Part of Konami's 'ReBirth' series – which also includes Contra and Gradius – this M2-coded offering has very little to do with the Game Boy original, outside of the fact that it showcases Christopher Belmont in the lead role. A return to the hand-drawn 2D visuals of the classic entries in the series, Castlevania: The Adventure ReBirth plays like a dream – although it can be somewhat brutal at points and, with only six stages, doesn't offer the same amount of content as, say, Bloodlines or Dracula X. It's also no longer available for purchase as Nintendo has long since closed the Wii eShop; fingers are firmly crossed that Konami sees sense and republishes all of the ReBirth titles on modern-day systems.
Just like it did with the original Game Boy, Konami was an early supporter of the Game Boy Advance, supplying Konami Krazy Racers and Castlevania: Circle of the Moon for the system's launch. The latter gained the most interest back in 2001, largely because it was the first Castlevania to emulate the 'Metroidvania' approach that Symphony of the Night had popularized in 1997, although it's worth noting that the development team was different, with Konami Computer Entertainment Kobe in charge instead of Konami's Toyko studio.
Despite some dark visuals (which were frustratingly hard to see on the unilluminated display of the original Game Boy Advance) and some simplified mechanics, Circle of the Moon is a decent attempt at taking the Metroidvania concept into the portable realm; while it pales in comparison to Symphony of the Night and some of its later Metroidvania successors, it's still an entertaining romp, and can be played on modern systems as part of the Castlevania Advance Collection.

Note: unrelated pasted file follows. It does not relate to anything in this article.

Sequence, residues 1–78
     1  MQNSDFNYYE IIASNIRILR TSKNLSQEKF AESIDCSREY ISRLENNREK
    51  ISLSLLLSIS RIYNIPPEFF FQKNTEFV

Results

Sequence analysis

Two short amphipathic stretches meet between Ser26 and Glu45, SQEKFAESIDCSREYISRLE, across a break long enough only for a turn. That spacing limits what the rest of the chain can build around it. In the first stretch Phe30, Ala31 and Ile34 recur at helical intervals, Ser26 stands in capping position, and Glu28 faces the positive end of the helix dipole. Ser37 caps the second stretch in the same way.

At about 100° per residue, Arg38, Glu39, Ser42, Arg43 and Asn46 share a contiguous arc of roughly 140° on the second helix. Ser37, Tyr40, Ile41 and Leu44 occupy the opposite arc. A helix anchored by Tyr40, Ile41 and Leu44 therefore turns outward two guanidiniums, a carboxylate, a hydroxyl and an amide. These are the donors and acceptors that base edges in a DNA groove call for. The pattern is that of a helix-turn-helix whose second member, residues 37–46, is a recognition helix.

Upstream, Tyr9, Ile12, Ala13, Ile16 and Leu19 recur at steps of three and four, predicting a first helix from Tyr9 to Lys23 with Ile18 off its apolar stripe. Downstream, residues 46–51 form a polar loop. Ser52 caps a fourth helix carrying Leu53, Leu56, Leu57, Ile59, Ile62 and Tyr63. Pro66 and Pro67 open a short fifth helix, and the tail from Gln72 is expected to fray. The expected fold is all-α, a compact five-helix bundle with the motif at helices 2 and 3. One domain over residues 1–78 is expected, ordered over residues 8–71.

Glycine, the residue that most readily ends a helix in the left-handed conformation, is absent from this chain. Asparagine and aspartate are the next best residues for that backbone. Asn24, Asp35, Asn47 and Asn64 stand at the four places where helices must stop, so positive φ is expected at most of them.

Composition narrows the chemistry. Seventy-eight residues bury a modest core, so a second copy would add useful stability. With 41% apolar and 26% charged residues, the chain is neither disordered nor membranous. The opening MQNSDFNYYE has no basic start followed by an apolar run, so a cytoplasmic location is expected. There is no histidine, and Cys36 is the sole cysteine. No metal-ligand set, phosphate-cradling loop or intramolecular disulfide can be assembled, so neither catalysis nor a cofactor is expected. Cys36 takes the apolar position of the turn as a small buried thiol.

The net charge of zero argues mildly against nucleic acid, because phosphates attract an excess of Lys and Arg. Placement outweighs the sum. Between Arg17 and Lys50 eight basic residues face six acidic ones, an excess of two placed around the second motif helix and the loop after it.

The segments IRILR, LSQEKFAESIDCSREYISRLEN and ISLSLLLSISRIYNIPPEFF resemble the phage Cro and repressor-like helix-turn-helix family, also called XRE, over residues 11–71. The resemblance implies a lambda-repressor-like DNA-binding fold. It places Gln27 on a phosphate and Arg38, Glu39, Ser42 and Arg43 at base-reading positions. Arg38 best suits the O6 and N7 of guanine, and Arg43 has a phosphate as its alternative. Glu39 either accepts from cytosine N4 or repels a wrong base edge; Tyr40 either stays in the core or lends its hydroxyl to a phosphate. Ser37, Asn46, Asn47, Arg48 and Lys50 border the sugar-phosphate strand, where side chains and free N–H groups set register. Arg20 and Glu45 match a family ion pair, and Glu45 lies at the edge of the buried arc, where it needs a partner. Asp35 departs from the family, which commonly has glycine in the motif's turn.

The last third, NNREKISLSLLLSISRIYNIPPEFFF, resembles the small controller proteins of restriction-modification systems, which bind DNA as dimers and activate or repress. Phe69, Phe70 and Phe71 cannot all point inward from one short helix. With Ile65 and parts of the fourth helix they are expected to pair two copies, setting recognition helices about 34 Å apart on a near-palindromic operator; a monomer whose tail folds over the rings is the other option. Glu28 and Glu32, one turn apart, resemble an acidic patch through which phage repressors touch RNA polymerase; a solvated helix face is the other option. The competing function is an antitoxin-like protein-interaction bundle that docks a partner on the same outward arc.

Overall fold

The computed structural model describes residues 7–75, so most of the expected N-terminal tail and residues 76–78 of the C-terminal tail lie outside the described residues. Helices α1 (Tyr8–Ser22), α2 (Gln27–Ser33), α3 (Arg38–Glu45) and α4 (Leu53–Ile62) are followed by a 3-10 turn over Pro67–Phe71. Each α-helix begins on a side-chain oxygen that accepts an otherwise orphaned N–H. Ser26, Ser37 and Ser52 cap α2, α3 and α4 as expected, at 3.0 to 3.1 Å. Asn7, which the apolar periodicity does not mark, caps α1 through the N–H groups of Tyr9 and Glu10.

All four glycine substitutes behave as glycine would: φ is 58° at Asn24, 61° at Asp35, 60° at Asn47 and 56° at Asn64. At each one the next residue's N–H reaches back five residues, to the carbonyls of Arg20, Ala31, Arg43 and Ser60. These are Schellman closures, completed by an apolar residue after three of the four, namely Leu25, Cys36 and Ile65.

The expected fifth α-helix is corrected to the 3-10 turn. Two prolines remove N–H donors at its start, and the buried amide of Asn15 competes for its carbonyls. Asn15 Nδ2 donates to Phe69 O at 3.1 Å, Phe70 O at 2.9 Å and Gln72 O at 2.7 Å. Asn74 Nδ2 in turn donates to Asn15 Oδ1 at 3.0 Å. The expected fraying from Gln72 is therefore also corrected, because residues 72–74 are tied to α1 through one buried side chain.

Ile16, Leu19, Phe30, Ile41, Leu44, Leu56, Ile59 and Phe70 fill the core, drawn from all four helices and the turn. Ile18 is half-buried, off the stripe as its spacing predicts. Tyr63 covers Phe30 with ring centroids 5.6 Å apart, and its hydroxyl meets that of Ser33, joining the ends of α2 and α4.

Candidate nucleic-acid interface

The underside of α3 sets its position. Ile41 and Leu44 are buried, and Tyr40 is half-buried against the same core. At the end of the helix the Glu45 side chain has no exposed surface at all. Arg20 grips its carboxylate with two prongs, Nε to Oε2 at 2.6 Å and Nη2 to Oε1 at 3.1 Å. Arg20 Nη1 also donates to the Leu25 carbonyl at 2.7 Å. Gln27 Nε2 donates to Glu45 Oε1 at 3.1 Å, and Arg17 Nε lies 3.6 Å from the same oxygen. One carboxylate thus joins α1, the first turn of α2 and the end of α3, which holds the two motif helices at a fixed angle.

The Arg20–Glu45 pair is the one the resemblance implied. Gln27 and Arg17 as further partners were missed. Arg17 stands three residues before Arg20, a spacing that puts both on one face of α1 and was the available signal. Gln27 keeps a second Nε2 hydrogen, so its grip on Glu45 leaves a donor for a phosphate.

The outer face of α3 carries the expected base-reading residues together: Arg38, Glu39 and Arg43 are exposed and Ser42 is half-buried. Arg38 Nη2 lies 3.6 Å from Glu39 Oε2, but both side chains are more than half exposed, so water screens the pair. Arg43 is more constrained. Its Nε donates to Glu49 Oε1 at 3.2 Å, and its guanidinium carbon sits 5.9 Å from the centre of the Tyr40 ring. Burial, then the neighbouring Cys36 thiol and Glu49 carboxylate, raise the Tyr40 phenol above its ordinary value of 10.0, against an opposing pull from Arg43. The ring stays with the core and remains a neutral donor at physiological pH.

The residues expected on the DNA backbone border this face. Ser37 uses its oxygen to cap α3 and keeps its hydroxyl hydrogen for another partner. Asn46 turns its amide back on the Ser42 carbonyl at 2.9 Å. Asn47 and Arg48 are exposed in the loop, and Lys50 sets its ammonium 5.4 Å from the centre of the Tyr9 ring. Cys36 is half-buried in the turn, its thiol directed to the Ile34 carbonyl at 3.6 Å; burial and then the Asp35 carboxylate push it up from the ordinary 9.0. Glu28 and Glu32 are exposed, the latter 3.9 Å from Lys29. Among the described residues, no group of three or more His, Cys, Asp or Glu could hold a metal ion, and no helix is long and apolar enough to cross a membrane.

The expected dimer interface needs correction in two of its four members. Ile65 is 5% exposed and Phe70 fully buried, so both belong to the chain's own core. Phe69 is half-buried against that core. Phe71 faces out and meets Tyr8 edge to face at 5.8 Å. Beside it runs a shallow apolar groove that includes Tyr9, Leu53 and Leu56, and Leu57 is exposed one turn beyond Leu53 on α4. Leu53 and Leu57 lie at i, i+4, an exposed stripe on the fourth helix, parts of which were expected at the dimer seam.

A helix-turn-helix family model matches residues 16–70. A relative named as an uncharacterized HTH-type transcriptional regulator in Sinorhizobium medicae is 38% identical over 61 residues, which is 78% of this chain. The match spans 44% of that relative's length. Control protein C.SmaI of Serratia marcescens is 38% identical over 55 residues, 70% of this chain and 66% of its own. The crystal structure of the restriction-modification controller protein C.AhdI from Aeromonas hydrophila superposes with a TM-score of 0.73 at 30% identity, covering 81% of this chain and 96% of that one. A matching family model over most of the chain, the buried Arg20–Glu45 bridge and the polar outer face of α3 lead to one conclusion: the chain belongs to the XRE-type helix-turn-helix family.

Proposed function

Despite the sheer volume of solid gold hits in the series, Castlevania Anniversary Collection is a somewhat mixed bag from Konami in terms of games you'll actually play, as stone-cold classics share the spotlight with a couple of undead clunkers that should remain dead and buried. Still, from a completionist and preservation standpoint, the inclusion of Castlevania: The Adventure is appreciated and the 'highs' on offer are among the highest points in the entire franchise, with a Western debut for Kid Dracula being a particularly lovely treat for retro gamers looking for something new. As long as you’re willing to ignore the lesser titles in this package and you're not too bummed out by the omission of other classic entries, you’re going to have a very good time with what’s left. Best paired with Castlevania Advance Collection.
After the crushing disappointment that was Castlevania: The Adventure, Konami pulled out all of the stops with this Game Boy sequel. It plays like a dream, with highly responsive controls and some brilliantly designed levels which use vertical space just as effectively as horizontal space. The ability to choose how you tackle the stages, Mega Man-style, is also welcome, and the music is so good it's almost criminal that it's relegated to the relatively humble Game Boy audio hardware. Arguably one of the best Game Boy games of all time, Castlevania II: Belmont's Revenge is an essential play for all fans of the franchise – it's also worth a fair bit on the secondary market these days.